Fox Tracks by Rita Mae Brown is the eighth book in the Sister Jane foxhunting cozy mystery series (available November 20, 2012).
Fox Tracks is Rita Mae Brown’s eighth “Sister” Jane Arnold mystery, but the first I have read. I picked this one up because the mysteries relate to modern foxhunting, something about which I knew very little other than that it is legal in the United States, but the focus is on chasing the foxes rather than killing them. My limited information seemed to be borne out by the story, plus I learned quite a bit more about the whole process, in quite a bit of detail.
What I especially liked about the foxhunting aspect of the story was how what seems like a simple enough thing—getting on a horse and chasing a wild animal—turns out to have all sorts of organizational, economic, social, and political aspects.
To the general public, foxhunting is an eccentric sport, but to the characters in this novel, it’s an integral part of life. For instance, the following conversation reveals quite a lot about how interpersonal relations, the social structure of the foxhunting subculture, animal welfare, and economics interact.
“Young Brian has to be dumb as a sack of hammers to ignore the advice of not just two senior hunts, but hunts with politically astute masters,” said O.J. “He’s going to have a less than easy time as master.”
“Yes and no,” said Sister. “Times are hard. Everywhere. Many hunts are having to breed fewer hounds, cut back on staff. We’re all doing what we can to keep operating and to make sure all the hounds and horses in our care receive the best of everything. You can cut corners, but not there. And my feed bills just go up and up.” Sister twirled her forefinger upward. “We had to hire a professional whipper-in, it was necessary for both parties, so our budget is imperiled.”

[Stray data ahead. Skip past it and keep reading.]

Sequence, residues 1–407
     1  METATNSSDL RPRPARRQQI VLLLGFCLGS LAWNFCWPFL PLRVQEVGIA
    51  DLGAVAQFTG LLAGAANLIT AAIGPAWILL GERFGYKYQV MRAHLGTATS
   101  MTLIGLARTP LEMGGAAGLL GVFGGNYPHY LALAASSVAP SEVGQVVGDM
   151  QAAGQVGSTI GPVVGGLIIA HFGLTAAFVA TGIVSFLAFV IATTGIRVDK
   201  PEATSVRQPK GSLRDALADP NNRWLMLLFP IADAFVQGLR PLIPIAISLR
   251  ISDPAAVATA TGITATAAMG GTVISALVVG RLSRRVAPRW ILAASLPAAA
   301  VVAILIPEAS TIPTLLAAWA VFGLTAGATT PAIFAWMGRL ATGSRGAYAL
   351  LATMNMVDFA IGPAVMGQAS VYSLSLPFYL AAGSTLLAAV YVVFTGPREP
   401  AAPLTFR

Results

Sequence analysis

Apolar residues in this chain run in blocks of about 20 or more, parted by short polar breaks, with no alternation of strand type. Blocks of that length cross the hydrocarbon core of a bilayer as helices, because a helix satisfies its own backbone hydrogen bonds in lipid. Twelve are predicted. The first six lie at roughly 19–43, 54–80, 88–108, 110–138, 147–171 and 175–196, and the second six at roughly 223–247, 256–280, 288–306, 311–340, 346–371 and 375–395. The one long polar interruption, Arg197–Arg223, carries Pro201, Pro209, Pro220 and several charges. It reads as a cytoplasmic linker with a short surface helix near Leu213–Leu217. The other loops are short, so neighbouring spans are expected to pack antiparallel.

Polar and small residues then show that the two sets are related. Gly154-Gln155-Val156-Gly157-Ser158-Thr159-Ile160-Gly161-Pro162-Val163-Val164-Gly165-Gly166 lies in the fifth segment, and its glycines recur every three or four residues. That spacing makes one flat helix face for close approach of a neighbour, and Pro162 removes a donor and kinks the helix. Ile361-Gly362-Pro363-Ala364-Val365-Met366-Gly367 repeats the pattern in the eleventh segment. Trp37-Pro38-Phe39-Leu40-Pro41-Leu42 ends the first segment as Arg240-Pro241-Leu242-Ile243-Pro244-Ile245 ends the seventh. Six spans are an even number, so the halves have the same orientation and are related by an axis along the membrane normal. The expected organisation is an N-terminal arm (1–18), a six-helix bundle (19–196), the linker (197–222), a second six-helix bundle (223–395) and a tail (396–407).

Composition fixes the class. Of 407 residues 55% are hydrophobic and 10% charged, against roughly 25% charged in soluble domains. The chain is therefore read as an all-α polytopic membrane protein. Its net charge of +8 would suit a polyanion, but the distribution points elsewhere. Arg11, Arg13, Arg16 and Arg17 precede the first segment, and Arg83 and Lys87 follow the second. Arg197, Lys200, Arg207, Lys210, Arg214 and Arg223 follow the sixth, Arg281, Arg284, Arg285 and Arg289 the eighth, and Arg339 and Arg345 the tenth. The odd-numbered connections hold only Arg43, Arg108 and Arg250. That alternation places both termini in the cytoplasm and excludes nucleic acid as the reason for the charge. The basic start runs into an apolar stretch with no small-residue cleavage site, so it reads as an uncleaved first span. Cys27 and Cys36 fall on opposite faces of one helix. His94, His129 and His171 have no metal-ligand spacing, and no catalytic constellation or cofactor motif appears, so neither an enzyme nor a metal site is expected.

“Mmm,” the younger woman murmured to herself. “Money. So you’re telling me Brian took Crawford’s money knowing he was inviting a man who runs an outlaw pack over your territory? And I doubt Crawford fixes one bloody fence if he knocks it down.” O.J. frowned.
“Rumor has it that Crawford had spent about twenty-five thousand dollars at the Navy Man’s Hunt,” said Sister, sharing gossip about the hunt founded by a graduate of the U.S. Naval Academy at Annapolis. O.J. folded her hands. “That’s being a master. You solve problems. You look ahead. You do your best, knowing there’s always someone who thinks they could have done it better, and maybe they could, but they aren’t sitting in the driver’s seat.”
I will confess that the beginning of the novel was somewhat difficult for me; there were a lot of interrelated characters to make sense of, and to me the Hunt Ball they were attending was an alien world. (For those new to the series, a guide to the characters is included, including a guide to various horses and hounds who appear; it’s a long list!) But I stuck with it, trusting that eventually it would all make sense, and it did.
I had waited patiently to learn more about the actual experience of a foxhunt, and was rewarded fairly soon. As before, Brown not only shows the event, but provides explanatory background so it can be properly appreciated.
Those members smart enough to have bought a made hunter, one who knew the sport, themselves not made at all, also filled the Second Flight ranks. An experienced horse took care of them so the rider could learn much faster. Hunting could be complex, especially for green riders on green horses, a mixture not conducive to confidence.
I think it would be easier to get into this series by starting at the beginning, but if you’re new to it, and are patient, it’s worthwhile. Also, you’ll end up with some great dinner conversation about riding to hounds!
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Victoria Janssen is the author of three novels and numerous short stories. Her World War I-set Spice Brief, “Under Her Uniform”, is a tie-in to her novel The Moonlight Mistress. Follow her on Twitter: @victoriajanssen or find out more at victoriajanssen.com.
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